Channel 4 to move 300 jobs from London with cities invited to pitch for creative hubs

Channel 4 to move 300 jobs to the regions

Channel 4 is to move more than a quarter of its staff out of London to help distribute media jobs throughout the UK.

After more than a year of speculation that the broadcaster could leave London, it has announced that it will not sell its £100m capital HQ but will divert 300 of its 800 staff to locations outside of the capital, adding to the 30-odd staff employed around the UK regions.

The plan, dubbed '4 All the UK' was presented by chief executive Alex Mahon this afternoon and represents the biggest structural change in the company’s 35-year history. The public service broadcaster had been previously given a March deadline by the government to get the move in motion, having been issued with an order to move a “material” part of its business.

The plans were initially resisted by Channel 4. Now by 2023, the broadcaster has vowed to spend some 50% of its content funds in the regions. Supporting the London HQ will be a "national" office and two new creative hubs, with city bidding to open up in April and Manchester, Liverpool, Sheffield and Leeds reported by The Guardian as among those interested in hosting.

The national office will feature a studio where daily programmes will be filmed. The broadcaster estimates that 300 jobs will move to the regions and 3,000 production jobs will be supplemented by the new business.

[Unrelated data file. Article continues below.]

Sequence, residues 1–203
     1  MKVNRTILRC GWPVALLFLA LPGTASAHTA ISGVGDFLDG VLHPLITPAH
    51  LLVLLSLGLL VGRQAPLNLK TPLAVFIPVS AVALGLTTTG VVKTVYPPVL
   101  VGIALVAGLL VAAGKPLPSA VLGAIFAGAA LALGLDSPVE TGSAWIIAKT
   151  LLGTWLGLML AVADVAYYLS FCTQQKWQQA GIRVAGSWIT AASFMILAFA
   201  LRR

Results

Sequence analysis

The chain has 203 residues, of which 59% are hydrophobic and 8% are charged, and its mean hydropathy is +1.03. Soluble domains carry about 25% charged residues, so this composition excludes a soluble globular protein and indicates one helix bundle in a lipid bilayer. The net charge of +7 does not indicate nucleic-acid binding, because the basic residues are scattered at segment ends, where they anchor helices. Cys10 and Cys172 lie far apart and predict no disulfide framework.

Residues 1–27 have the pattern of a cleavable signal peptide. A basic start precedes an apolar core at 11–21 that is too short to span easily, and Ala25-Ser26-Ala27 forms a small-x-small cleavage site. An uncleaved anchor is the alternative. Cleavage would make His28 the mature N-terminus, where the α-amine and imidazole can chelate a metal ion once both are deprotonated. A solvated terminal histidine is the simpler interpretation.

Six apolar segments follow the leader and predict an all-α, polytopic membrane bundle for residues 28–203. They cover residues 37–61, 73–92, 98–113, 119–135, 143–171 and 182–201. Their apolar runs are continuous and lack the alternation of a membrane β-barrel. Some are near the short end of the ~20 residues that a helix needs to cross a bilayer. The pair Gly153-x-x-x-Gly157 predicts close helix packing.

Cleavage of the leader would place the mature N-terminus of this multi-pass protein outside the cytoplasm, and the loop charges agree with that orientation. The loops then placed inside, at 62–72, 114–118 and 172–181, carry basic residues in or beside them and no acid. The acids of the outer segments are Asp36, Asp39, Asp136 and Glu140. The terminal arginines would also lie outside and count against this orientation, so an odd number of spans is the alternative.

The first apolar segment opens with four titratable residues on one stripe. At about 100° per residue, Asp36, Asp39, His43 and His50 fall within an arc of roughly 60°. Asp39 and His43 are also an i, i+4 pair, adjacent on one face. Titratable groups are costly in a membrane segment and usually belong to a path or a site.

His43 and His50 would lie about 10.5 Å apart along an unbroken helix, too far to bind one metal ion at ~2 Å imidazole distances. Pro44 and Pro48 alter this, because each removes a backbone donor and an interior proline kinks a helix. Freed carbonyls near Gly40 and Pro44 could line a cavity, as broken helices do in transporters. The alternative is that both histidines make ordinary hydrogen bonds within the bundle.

Mahon said: “As a public service broadcaster with diversity in its DNA, Channel 4 has a unique ability to reflect our society. This is a significant and exciting moment of change for Channel 4 as we evolve to ensure we are best suited to serve all of the UK.

“With this new strategy we will go even further to make sure that people right across the UK are represented on screen and in the make up of our own organisation – and it will also build on what we already do to support creative businesses, jobs and economies in the Nations & Regions.”

The effort echoes the BBC’s Salford move in 2012. Nonetheless, a report from Centre for Cities said there was 'very small benefit to the region' from the move.

Join us, it's free.

Become a member to get access to:

  • Exclusive Content
  • Daily and specialised newsletters
  • Research and analysis

Join us, it’s free.

Want to read this article and others just like it? All you need to do is become a member of The Drum. Basic membership is quick, free and you will be able to receive daily news updates.